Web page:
We only ship to addresses in the USA. Live somewhere else? Please order from our international distributor. Click Here
Product added to carts.
BK Blog Post
Posted by Liz Guthridge, Managing Director, Connect Consulting Group.
Liz Guthridge is a coach, consultant and facilitator who helps leaders turn their blue-sky ideas into greener-pasture actions. She uses applied neuroscience, behavior design and mindful communications.
Hearing happens—assuming you’re not hearing impaired. Hearing is the act of the ear perceiving sound.
Listening, on the other hand, is not automatic. It requires hard work that you must consciously do, as I’ve learned in my applied neuroscience program.
To listen, you need to concentrate so your brain can process meaning from words and sentences that you hear.
And to listen well, you need to focus on more than what’s being said. You need to pay attention to how it’s being said as well as why it’s being said.
Listening for the how and the why involves two different networks in the brain. Furthermore, these networks operate independently of each other, and can even compete with one another, so it takes effort to activate them, according to Dr. Bob Spunt of the California Institute of Technology. (For details, check out his 2013 article Mirroring, Mentalizing, and the Social Neuroscience of Listening in the International Journal of Listening.)
Once you understand the challenges of listening it’s easier to understand why so many of us are “hard of listening” rather than “hard of hearing.”
Yet that’s not an excuse for taking it easy and using your mouth more than your ears.
Recognize that being listening impaired can cause problems, personally and professionally.
For example, one of my clients just experienced a challenging situation in which the national office didn’t hear the cries of help that many in the field offices were making.
Several individuals in the field offices had become so exasperated that they were not being heard that they took a drastic, eleventh hour action to get the attention of the national office. It worked.
So at the annual face-to-face meeting, we made time in the packed schedule to talk about the issues that were the source of the distress. After several subsequent meetings over the next two days, the national office and the field came up with a mutually-acceptable solution.
My lessons learned from this experience? There are three of them.
1. Emphasize the important and value of listening. Don’t take it for granted that people are listening, especially empathetically. Being an empathetic listener requires you to put yourself in other peoples’ shoes and consider the situation from their viewpoint. We have this capability as human beings to listen with feeling, but it takes time and effort to do so.
To encourage people, especially leaders to listen with feeling, help them adjust their mindset. For instance, for a new client that’s embarking on a listening tour, I’m coaching their leaders to think of themselves as “explorers” not as the “experts” who are the “smartest people in the room.” Their goal in their listening sessions is to hunt for nuggets that will help them better understand employees’ points of view and actions.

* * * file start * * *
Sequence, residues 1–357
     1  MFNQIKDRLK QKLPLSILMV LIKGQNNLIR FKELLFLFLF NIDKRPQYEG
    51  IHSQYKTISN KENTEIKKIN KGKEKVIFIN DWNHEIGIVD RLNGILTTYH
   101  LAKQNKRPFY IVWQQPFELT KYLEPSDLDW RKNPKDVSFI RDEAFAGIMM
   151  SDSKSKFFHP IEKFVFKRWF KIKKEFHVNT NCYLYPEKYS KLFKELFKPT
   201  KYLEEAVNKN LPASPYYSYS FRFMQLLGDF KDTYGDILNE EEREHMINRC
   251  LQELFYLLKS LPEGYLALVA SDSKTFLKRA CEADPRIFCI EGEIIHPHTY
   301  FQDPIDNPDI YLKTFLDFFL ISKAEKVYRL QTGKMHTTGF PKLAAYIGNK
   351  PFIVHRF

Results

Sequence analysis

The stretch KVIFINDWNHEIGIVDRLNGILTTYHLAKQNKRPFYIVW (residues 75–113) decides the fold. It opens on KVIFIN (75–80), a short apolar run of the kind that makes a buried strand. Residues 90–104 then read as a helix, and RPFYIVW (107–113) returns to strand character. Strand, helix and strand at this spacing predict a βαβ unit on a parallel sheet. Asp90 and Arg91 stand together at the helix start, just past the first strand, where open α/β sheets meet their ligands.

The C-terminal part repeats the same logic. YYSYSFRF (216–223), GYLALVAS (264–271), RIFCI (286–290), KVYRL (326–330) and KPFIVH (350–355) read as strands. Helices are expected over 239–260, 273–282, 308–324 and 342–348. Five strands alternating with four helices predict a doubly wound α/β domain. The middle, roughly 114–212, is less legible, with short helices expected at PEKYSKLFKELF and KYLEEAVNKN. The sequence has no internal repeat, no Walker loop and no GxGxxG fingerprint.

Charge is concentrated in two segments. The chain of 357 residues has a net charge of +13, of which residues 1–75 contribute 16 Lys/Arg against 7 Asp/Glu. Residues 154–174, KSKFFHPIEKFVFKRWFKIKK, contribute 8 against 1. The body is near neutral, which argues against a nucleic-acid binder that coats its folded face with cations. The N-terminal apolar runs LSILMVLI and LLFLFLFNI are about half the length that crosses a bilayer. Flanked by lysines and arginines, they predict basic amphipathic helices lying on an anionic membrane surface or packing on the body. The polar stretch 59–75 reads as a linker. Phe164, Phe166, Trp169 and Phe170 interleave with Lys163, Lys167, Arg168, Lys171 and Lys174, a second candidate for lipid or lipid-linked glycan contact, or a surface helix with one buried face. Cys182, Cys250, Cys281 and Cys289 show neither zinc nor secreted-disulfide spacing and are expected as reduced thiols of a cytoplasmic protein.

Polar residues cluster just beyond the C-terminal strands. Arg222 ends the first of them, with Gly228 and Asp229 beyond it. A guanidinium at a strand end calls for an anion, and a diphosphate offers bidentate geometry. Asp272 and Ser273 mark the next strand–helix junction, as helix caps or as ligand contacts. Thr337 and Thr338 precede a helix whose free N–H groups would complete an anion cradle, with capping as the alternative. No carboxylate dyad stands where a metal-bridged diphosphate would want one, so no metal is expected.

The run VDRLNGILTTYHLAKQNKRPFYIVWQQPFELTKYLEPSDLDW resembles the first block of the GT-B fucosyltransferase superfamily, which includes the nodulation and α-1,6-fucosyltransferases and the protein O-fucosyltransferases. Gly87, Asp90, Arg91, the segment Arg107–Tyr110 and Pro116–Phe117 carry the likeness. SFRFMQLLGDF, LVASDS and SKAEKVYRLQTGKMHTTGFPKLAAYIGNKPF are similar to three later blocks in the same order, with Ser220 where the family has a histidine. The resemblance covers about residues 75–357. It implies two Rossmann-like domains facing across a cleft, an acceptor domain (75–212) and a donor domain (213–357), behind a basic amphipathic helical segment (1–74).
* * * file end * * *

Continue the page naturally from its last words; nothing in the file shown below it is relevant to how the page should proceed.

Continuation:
2. Build time into agendas for conversations, especially at face-to-face meetings. All too often these days, we pack meetings with one event after another with little time set aside to digest and discuss what we’ve heard or to have an open forum to talk informally about issues that are on our mind. As a result, important issues don’t surface, or if they do, we may not fully recognize them because we’re racing off to the next event. Instead, we’re talking past one another instead of with one another.
That’s what happened with my long-standing client. Over the past few years their annual meeting has morphed into a jam-packed event. There are no open forums or sanctioned downtime for people to sit and talk about key issues they’re facing now or see on the horizon. Having time to talk to clear the air and get to the root causes can be both therapeutic for individuals and beneficial for the organization.
3. Circle back to people to close the loop. This is more than active listening in which you paraphrase what you’ve heard someone say to show that you’ve understand them. Closing the loop involves showing that you’ve acknowledged that they’ve shared information and insights with you, you’ve processed their comments and you’re now updating them on what you plan to do. This may mean taking action, or deciding to hold off on doing anything right now for reasons you may or may not explain.
By circling back and closing the loop, you demonstrate that you respect the individuals who spoke up and their points of view. In my experience, employees in the workplace care more about being heard than getting their way. When they’re heard through empathetic listening, they feel valued.
For more tips on listening, check out this blog post Put on your listening ears.
And if it provides any solace, those of us in organizations aren’t the only ones who give listening short shrift. Social scientists and neuroscientists have neglected listening as a research topic, compared to other subjects, according to Dr. Bob Spunt.
Nonetheless, ignoring the skill of listening is no excuse. We all need to open up our ears and mind and listen more with feeling.
How can you improve your listening?